You may have seen the Museum’s work in the news recently, when our scan of a catshark helped University of Sheffield researchers understand how shark teeth evolved. In this blog, Brett Clark from the Museum’s Vertebrates Palaeobiology department shows us the method used.
Our research, led by Dr Zerina Johanson, investigates the evolution and development of teeth in jawed vertebrates – in particular, the tooth arrangement of present day sharks.
Many of the scientific staff who have worked at the Museum over time, have made significant contributions to the world of science and their professional lives has been well documented. For one such individual is was the end of his life, that up until recently, was shrouded in some mystery.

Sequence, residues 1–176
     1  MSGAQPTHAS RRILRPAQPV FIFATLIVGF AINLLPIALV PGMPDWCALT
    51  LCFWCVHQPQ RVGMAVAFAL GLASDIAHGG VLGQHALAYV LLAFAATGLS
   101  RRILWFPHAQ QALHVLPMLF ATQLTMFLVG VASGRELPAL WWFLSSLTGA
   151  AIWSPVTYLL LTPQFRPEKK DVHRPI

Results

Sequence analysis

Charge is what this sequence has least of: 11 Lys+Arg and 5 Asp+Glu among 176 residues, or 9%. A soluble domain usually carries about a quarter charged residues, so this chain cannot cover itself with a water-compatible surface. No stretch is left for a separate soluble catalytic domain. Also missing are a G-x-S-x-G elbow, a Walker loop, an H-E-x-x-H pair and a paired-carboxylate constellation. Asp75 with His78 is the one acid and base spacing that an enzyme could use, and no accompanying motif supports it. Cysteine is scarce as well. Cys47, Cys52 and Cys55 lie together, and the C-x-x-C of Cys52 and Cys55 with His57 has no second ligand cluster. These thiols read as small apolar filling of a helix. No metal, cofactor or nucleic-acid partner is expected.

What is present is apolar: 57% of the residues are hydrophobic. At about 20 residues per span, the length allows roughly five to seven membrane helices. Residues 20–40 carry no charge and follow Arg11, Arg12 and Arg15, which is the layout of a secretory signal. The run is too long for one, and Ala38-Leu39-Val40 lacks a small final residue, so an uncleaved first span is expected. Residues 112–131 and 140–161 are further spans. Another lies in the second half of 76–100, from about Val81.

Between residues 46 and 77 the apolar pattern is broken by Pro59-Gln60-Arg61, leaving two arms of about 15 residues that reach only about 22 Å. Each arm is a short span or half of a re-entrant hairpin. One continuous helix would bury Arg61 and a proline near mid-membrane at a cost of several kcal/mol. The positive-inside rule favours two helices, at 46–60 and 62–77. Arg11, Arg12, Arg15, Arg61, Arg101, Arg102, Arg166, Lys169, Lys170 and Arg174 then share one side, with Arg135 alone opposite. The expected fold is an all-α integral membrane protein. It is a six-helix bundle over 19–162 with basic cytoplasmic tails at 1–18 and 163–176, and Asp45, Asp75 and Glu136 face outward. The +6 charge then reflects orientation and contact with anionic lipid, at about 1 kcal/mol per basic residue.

If you research Oldfield Thomas’s time working at the British Museum (Natural History) as we were formerly known, you can see that he was a prolific writer, and his generosity to the Museum is shown by the items he donated during his life and upon his death.
Near the front entrance to the Museum is a small staff lift which has a plaque stating that it was installed using monies from Oldfield Thomas (OT), who served the Museum for 48 years. To many who study mammals he is still a hero but, after his death, he was surrounded in mystery and senior management staff at the time appear to have closed ranks to disclose nothing.
Whispers passed to those who enquire about OT, mention him committing suicide in his office, and that it took months for people to even be granted permission to enter his room. This is what got me interested in determining the truth to OT’s death.